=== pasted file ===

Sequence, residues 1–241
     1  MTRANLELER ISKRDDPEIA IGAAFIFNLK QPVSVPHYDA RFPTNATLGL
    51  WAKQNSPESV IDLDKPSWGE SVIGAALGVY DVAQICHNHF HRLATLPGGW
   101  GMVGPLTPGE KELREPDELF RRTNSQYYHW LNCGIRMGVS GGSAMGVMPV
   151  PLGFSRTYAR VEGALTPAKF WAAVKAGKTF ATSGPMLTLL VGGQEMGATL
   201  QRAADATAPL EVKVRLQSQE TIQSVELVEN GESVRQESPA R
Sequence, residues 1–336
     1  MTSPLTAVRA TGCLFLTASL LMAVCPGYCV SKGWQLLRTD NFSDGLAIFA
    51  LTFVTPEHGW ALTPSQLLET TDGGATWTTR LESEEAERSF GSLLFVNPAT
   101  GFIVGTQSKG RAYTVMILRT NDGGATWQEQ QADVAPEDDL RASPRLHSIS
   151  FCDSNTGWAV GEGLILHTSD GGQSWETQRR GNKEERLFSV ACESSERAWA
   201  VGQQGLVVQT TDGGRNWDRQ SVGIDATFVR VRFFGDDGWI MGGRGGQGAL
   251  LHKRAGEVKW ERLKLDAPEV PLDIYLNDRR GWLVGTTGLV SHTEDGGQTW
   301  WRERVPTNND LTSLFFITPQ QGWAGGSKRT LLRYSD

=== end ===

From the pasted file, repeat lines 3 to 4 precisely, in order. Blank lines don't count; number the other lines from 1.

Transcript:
    51  WAKQNSPESV IDLDKPSWGE SVIGAALGVY DVAQICHNHF HRLATLPGGW
   101  GMVGPLTPGE KELREPDELF RRTNSQYYHW LNCGIRMGVS GGSAMGVMPV